Laundrie's parents told investigators he left their home in North Port with a backpack September 14 to go to the T. Mabry Carlton Jr. Memorial Reserve near Venice.
"A weekend ground search and aerial search Monday of the 25-thousand-acre preserve has yet to yield any answers, but we must press on," North Port Police said on Facebook. Police indicated the search picked up Tuesday in a different part of the reserve.
It concluded Tuesday evening around sundown and will resume Wednesday, they said.
Before his parents told police Laundrie left the home September 14, he had refused to talk to investigators, and the family had directed them to their attorney, police said.
Authorities also searched the family home. On Monday, FBI agents removed a number of items and a Ford Mustang convertible was towed away.
What we know about the building tension
Evidence has also emerged suggesting tension was building between the couple.
A man who saw the domestic dispute between Petito and Laundrie in Utah last month said, "They were talking aggressively at each other, and something seemed off."
In a handwritten sworn statement, the witness named Chris -- whose last name was redacted in the document provided by Moab City Police to CNN -- said it appeared that the two were arguing over control of Petito's phone. "At one point she was punching him in the arm and/or face and trying to get into the van."
The witness said he heard Petito say, "Why do you have to be so mean?" although Chris added that he couldn't be sure if the comment was meant to be taken seriously. Moab City Police responded to the incident, and the couple agreed to spend the night apart.
There is also a 911 recording of the incident in Moab on August 12 when police confronted the pair.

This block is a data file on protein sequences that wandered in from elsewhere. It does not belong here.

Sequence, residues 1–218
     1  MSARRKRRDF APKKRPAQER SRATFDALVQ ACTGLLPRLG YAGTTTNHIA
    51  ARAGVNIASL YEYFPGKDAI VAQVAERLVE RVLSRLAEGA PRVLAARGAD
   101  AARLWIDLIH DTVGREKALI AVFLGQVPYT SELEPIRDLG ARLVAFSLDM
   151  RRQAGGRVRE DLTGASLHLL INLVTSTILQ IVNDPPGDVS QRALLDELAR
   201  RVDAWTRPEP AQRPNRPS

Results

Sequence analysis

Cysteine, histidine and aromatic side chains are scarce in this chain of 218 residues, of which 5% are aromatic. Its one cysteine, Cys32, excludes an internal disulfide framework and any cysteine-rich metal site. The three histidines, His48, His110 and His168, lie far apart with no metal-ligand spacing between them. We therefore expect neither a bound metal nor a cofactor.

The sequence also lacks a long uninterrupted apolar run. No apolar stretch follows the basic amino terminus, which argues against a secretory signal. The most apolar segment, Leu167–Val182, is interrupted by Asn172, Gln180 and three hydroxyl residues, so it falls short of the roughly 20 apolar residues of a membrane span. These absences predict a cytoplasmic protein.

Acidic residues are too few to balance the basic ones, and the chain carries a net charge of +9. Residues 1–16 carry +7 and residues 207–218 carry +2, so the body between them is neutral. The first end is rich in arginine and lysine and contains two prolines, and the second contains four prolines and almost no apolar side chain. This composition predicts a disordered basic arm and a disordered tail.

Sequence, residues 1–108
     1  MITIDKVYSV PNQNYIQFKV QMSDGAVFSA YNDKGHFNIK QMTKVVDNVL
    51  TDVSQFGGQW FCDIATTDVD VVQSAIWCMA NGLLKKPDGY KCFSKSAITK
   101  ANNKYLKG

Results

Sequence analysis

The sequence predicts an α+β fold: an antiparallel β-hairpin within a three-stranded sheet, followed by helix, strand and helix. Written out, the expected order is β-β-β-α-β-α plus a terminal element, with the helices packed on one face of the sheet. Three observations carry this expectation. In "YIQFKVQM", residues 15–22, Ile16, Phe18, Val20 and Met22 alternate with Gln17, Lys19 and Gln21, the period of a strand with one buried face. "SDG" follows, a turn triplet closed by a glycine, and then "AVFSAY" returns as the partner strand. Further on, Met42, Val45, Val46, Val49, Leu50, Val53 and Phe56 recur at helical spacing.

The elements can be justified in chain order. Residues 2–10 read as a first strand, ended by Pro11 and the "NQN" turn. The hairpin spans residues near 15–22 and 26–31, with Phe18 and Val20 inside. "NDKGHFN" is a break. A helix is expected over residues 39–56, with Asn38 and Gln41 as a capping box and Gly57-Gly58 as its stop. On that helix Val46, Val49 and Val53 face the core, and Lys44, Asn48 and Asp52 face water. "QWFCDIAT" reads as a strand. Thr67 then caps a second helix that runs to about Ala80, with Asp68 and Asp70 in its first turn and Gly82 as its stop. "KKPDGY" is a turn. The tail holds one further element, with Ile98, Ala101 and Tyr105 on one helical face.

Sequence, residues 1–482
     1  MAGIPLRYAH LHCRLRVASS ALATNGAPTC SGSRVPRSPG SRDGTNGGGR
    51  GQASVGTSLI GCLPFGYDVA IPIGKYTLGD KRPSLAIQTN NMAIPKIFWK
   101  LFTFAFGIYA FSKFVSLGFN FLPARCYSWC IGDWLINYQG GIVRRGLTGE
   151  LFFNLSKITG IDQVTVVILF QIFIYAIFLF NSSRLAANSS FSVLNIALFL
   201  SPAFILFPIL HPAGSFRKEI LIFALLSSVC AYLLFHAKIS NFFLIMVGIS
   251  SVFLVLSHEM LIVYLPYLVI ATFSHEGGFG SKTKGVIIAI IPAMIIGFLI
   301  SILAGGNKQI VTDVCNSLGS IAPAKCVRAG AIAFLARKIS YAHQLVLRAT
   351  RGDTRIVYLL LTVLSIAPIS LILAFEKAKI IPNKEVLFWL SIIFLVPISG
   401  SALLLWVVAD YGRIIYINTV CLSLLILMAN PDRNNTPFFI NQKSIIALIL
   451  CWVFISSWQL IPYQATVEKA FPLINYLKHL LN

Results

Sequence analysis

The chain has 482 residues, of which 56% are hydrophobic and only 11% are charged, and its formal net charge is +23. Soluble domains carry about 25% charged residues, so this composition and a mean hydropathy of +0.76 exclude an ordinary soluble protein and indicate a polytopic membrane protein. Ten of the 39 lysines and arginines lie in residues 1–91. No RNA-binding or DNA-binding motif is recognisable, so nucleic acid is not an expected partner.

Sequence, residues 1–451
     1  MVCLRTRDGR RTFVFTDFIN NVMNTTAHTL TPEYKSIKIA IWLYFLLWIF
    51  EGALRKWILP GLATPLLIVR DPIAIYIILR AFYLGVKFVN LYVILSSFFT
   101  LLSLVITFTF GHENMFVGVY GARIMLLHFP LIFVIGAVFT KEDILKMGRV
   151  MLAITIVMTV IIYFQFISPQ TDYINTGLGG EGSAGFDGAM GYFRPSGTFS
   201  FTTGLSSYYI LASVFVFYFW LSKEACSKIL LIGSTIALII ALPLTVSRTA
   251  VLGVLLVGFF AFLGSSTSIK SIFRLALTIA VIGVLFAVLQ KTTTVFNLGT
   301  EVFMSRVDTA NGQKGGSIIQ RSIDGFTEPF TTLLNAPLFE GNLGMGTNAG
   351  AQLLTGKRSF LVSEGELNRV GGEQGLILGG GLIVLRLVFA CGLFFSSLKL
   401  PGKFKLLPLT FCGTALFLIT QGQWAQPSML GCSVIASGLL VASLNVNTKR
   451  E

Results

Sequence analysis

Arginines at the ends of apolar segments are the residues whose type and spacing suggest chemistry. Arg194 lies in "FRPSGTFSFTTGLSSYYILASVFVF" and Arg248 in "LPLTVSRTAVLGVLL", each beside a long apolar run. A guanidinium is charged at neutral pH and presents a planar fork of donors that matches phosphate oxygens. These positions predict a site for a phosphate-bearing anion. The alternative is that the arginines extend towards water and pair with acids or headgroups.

In the recording from the Grand County Sheriff's Office, a caller reported what he called a "domestic dispute" between a couple.
"We drove by and the gentleman was slapping the girl," the caller says. "Then we stopped. They ran up and down the sidewalk. He proceeded to hit her, hopped in the car, and they drove off."
Before Petito disappeared, her conversations with her mother appeared to reveal she had "more and more tension" with Laundrie, according to a police affidavit for a search warrant of an external hard drive found in the couple's van.
Petito sent multiple text messages and had many talks with her mother during her trip, Florida police wrote in an application filed last week.
On August 27, Petito's mother received one last communication from her daughter, which she called an "odd text," the affidavit says.
The message read: "Can you help Stan, I just keep getting his voicemails and missed calls." Because the text message referred to Petito's grandfather as Stan, her mother was concerned that something was wrong, the warrant states.
Following that text message, Petito's phone was no longer operational, and she stopped posting anything on social media about their trip, the warrant says.
One more text came on August 30 that read, "No service in Yosemite," but her family doubts she wrote it.
CNN's Jason Hanna, Steve Almasy, Leyla Santiago, Gregory Lemos, Rebekah Riess, Eric Levenson, Jennifer Henderson and Andy Rose contributed to this report.